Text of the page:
Who has given to me this sweet
And given my brother dust to eat?
And when will his wage come in?
—William Vaughn Moody, “Gloucester Moors”
A man-made environmental disaster, the Dust Bowl began in 1931 and lasted for almost a decade, displacing entire populations in the southern plains region of the United States. Constant droughts, bug infestations, and increasingly dangerous living conditions left farmers with one guarantee: dust. “Dust to eat and dust to breathe and dust to drink. Dust in the beds and in the flour bin, on dishes and walls and windows, in hair and eyes and ears and teeth and throats.”
Setting texts exclusively from newspaper articles, diaries, and first-hand oral accounts of survivors, the Dust Bowl pieces together nearly a decade of human struggle, hopefulness, and perseverance in the face of constant catastrophe. From fatal dust pneumonia to plagues of jackrabbits and grasshoppers, the performances of the Dust Bowl are honest and raw.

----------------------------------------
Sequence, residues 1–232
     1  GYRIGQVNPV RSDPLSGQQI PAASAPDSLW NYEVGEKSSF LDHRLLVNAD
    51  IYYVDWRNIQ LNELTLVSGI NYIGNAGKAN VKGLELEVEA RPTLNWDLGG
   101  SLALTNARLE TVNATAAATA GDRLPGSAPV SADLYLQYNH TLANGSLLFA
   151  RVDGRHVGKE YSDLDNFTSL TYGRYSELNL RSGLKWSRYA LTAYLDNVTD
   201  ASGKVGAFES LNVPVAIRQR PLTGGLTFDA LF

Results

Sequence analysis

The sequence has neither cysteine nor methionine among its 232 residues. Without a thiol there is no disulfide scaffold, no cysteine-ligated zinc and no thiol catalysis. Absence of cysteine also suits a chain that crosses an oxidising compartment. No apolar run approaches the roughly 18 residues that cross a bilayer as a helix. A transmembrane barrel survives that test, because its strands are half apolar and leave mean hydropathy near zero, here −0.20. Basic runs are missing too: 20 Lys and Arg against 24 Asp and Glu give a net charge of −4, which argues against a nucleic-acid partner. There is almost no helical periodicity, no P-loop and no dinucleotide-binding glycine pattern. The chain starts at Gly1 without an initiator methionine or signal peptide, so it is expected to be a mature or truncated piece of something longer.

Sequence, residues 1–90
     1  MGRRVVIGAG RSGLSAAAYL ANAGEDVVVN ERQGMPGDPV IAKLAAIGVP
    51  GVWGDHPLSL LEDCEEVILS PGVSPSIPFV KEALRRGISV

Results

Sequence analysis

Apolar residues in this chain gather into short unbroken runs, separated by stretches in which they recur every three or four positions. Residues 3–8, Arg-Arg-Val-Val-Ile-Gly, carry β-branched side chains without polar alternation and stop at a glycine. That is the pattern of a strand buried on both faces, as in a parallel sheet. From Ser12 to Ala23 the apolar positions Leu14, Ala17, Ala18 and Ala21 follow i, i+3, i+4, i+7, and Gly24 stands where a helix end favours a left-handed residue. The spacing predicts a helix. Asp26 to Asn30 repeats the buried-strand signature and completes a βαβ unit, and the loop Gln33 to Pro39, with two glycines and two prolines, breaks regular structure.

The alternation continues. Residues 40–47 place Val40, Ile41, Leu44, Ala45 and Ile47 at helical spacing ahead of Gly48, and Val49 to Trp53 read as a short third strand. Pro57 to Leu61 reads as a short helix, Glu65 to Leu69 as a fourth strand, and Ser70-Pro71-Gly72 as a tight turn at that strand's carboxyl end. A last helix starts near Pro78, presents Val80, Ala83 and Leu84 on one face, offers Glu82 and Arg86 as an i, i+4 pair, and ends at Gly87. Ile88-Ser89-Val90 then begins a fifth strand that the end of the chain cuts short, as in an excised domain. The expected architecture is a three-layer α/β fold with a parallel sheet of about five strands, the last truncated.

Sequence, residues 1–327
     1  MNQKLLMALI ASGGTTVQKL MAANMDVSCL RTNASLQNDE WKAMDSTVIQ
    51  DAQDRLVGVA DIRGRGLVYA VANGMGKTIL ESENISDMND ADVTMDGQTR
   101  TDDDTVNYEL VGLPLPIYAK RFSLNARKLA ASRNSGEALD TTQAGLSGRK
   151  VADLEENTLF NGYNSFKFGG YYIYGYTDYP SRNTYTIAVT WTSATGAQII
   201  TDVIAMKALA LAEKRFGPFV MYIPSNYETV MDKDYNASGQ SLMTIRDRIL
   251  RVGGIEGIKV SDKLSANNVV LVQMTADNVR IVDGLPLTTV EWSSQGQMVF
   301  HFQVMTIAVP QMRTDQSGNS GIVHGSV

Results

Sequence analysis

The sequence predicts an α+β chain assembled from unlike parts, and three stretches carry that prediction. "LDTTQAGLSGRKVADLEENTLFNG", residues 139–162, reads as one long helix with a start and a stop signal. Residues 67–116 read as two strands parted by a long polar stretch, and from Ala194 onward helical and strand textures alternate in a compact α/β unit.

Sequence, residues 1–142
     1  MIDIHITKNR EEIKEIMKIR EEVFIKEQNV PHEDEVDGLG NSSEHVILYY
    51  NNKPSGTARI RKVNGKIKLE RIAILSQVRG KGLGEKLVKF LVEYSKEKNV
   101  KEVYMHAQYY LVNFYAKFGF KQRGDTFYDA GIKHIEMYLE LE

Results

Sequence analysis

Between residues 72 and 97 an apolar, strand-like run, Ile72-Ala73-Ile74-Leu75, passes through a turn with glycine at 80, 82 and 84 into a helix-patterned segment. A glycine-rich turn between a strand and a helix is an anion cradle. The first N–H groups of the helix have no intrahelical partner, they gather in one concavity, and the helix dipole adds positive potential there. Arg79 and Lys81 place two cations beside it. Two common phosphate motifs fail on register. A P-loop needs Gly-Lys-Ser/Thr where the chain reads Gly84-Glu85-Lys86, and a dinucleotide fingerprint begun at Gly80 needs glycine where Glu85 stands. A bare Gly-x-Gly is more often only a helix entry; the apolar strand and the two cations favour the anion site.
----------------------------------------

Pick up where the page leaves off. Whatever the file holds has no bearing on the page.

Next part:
In collaboration with bluegrass band, video projection, and choreographed movement, Verdigris Ensemble world premieres stories of that time period through previously unexplored mediums and asks the question: how did this happen and have we learned from our mistakes?
This production is part of the following series: